Americans abroadnot immune to lawsof foreign



    After the stresses of finals are finished and the summer break begins, the joy of going on vacation consumes the minds of many students as they envision endless sandy beaches and picturesque mountain scenes.

    But in their search for the perfect vacation, some students have ended up staying on their vacations longer than anticipated due to unwanted circumstances, such as arrests — putting them in the custody of foreign governments.

    In 1995, over 2,200 American citizens were arrested abroad — many of them for violating local laws regarding the public use of alcohol and the subsequent behavior associated with it.

    Suzanne Lawrence, press officer for the U.S. Department of State, Bureau of Consular Affairs said, “You might assume that, as an American citizen, you are immune from prosecution under foreign laws and that the U.S Constitution follows you wherever you go. Unlike the United States, few countries believe you are innocent until proven guilty.”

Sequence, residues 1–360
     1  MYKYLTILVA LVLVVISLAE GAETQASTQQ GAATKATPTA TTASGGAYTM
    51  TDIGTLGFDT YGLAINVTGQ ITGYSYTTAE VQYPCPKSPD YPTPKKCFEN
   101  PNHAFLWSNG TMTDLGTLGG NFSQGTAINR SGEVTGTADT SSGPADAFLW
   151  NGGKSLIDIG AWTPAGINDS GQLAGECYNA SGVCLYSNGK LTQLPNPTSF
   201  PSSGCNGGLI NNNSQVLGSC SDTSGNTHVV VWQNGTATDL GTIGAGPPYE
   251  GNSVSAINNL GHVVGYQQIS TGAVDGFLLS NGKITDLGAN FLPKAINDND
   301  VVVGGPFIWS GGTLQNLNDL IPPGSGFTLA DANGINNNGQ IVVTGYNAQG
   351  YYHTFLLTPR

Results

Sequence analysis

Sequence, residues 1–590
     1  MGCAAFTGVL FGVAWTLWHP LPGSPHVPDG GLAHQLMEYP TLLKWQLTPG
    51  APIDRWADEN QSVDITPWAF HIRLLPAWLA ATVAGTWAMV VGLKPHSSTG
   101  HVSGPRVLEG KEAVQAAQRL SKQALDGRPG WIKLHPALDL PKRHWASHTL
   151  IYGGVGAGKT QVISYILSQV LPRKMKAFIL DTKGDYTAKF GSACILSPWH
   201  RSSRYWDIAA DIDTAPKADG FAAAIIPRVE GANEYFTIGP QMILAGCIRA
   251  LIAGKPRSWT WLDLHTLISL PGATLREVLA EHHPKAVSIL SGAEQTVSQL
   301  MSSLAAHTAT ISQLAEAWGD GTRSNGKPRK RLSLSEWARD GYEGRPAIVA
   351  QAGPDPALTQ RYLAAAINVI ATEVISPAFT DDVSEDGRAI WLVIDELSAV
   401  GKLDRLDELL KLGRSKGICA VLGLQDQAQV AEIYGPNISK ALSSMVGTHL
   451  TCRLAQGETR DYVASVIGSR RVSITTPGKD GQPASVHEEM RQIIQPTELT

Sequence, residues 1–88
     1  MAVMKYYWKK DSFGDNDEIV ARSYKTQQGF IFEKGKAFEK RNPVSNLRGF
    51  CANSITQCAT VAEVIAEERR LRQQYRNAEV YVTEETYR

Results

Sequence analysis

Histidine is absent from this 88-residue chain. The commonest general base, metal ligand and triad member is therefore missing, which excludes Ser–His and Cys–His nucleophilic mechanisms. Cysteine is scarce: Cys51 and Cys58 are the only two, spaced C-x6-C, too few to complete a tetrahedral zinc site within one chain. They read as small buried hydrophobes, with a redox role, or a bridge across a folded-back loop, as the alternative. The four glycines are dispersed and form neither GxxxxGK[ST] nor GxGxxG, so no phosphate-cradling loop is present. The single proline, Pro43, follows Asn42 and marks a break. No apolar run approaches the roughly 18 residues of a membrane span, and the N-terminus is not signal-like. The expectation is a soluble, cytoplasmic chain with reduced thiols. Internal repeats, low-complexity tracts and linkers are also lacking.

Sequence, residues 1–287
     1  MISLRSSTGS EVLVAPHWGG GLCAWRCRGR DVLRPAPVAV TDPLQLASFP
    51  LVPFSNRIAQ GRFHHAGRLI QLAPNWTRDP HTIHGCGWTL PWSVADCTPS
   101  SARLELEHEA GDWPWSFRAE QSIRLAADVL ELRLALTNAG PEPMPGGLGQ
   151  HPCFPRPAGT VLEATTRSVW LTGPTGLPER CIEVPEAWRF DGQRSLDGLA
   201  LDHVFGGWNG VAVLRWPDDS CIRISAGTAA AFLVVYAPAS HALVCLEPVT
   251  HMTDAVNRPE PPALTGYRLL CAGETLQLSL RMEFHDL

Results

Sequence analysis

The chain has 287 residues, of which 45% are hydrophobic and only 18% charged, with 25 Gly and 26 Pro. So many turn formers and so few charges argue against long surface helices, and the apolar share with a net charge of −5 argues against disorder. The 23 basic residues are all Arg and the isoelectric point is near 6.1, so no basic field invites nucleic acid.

“The truth is that Americans suspected of drug violations can face severe penalties, even the death penalty, in some foreign countries. It is not uncommon to spend months or even years in pre-trial detention, only to be sentenced to a lengthy prison stay without parole in a foreign jail,” Lawrence said.

    Once you leave American soil, U.S. laws and constitutional rights no longer apply. U.S. consular officers can visit jailed Americans to see they are being fairly and humanely treated, but cannot get them out of jail or intervene in a foreign country’s legal system on their behalf, Lawrence said.

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